I have a soft spot for dim sum. Even though dim sum served here in Minnesota cannot compare to those served in Hong Kong, I'd still go for dim sum once in a while to cure my habitual weekend craving. Flavors are often lost in translation; once food is served out of their regular locales with integrity, good enough becomes good.
At Red Ginger, there are dozens of selections served on carts. I was delighted when I could simply use my mother tongue, Cantonese, to order. But you don't need to; simply watch the carts come and go and then point and pick. To help you get started, order Po Lei tea (just because it’s brewed with tea leaves, not tea bags). Among the must-haves: congee with pork and thousand-year-old egg, chicken feet steamed in black bean suace; shrimp dumplings, chicken sticky rice wrapped in lotus leaves, barbecued pork buns, pineapple buns or lau sha bao, steamed bun with a glorious runny duck egg yolk, which both my friends and I agree that it's done better than a lot of restaurants in Hong Kong!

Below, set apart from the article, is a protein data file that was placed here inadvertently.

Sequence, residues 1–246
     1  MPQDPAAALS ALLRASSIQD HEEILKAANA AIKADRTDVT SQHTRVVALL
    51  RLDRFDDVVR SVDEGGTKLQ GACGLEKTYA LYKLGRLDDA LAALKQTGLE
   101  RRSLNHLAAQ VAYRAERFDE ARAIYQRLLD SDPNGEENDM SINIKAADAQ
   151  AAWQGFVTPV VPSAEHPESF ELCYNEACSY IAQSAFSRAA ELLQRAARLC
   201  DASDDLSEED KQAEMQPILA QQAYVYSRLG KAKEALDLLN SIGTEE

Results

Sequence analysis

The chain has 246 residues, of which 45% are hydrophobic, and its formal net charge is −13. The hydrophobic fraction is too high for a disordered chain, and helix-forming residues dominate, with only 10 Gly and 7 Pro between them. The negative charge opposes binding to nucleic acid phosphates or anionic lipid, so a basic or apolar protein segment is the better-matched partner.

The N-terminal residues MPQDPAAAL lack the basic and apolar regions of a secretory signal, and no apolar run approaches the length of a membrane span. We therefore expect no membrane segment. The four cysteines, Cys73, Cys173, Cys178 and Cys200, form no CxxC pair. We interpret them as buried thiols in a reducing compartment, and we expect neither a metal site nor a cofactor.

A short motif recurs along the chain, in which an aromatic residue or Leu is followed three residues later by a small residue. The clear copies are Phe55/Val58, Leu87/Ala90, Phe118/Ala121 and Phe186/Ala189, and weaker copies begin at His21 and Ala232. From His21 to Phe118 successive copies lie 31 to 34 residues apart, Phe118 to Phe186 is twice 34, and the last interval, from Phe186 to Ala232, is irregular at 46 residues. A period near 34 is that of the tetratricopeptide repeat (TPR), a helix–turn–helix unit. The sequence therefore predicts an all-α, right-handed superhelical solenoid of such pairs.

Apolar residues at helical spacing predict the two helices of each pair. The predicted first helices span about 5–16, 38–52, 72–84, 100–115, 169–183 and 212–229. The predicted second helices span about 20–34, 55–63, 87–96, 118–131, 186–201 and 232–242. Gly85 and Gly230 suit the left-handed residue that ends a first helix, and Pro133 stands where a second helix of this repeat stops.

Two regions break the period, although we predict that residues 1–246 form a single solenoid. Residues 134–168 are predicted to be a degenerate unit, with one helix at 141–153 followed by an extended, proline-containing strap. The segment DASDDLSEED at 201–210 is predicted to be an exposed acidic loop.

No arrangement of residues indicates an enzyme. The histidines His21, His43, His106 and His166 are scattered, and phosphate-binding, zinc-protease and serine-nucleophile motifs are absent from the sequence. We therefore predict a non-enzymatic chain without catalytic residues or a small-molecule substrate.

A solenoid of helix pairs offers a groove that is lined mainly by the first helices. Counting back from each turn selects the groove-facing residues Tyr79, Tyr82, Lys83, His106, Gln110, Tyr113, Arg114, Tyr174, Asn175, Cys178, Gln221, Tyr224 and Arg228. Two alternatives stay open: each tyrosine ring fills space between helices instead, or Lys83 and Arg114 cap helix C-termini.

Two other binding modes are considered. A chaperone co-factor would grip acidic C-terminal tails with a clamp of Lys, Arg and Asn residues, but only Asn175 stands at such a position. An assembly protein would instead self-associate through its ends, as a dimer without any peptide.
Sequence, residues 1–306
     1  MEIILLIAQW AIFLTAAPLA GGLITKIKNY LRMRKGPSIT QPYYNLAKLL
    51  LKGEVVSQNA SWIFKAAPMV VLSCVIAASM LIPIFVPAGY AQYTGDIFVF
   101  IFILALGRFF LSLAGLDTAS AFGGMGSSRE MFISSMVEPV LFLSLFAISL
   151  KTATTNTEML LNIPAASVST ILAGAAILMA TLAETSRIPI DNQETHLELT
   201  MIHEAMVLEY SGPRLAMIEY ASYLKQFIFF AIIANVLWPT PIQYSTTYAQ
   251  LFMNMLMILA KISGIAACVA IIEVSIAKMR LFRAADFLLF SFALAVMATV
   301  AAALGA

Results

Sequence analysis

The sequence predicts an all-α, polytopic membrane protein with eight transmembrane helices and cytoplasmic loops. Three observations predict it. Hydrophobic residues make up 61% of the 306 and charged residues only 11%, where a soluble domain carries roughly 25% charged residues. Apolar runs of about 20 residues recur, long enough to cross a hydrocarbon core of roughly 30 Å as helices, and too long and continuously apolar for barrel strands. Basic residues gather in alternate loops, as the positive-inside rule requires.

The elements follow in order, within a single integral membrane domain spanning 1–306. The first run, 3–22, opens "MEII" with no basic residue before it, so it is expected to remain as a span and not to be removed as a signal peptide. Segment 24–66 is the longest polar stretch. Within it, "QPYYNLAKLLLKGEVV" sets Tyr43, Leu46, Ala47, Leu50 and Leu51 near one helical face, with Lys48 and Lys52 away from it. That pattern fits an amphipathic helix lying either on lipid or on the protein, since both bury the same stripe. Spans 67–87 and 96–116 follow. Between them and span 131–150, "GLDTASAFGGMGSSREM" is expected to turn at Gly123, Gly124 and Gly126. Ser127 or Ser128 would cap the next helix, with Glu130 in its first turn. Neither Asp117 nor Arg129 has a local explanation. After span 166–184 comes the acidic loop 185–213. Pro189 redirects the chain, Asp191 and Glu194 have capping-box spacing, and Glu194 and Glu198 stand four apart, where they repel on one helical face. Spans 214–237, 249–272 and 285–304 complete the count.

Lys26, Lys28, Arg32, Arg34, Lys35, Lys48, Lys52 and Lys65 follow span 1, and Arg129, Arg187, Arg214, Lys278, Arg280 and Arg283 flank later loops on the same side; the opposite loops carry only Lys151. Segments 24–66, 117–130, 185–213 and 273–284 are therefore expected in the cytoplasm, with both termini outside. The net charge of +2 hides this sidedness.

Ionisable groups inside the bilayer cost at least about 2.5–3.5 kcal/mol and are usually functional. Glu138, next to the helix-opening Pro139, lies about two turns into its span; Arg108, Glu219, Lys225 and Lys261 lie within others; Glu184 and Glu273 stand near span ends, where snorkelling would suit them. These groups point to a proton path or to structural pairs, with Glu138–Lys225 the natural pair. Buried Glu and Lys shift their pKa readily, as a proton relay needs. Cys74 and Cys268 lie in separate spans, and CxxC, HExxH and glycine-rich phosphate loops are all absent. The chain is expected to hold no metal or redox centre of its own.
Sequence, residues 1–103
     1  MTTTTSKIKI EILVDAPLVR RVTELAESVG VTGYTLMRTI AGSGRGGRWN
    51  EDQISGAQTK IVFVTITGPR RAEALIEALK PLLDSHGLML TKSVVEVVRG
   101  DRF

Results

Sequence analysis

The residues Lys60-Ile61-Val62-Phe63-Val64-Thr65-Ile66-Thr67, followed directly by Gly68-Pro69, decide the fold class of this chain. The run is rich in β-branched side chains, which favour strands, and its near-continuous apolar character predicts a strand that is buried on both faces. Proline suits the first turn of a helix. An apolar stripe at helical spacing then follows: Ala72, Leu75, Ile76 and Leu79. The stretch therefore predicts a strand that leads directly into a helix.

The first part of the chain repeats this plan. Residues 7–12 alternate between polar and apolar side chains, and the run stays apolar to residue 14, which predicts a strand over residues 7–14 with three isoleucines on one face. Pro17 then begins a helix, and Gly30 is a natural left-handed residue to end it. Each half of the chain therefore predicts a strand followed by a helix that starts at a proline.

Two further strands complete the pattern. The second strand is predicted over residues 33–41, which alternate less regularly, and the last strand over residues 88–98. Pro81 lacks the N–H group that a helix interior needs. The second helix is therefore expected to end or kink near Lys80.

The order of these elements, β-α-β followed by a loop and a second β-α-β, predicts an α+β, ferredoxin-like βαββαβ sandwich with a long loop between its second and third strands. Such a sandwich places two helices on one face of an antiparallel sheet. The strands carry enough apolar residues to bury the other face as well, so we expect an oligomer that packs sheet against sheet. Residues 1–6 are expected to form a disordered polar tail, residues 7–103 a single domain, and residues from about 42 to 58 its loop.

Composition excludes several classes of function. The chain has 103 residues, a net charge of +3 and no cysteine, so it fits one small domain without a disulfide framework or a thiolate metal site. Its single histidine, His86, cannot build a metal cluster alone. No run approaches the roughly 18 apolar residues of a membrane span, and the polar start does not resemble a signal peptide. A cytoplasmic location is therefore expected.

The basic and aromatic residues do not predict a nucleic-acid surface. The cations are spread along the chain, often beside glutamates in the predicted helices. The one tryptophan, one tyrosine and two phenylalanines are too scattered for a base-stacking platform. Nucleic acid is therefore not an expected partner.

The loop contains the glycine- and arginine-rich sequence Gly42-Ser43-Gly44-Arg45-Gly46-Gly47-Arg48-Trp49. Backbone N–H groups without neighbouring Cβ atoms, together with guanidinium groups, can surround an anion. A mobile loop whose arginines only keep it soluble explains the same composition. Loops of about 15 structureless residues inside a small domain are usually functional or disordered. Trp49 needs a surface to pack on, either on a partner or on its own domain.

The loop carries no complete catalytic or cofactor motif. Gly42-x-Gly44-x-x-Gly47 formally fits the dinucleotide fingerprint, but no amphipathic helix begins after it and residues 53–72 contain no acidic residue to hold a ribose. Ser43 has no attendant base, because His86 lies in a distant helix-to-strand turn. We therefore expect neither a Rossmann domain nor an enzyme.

Last but not least, dim sum is a communal dining experience. Have a craving? Call you friends.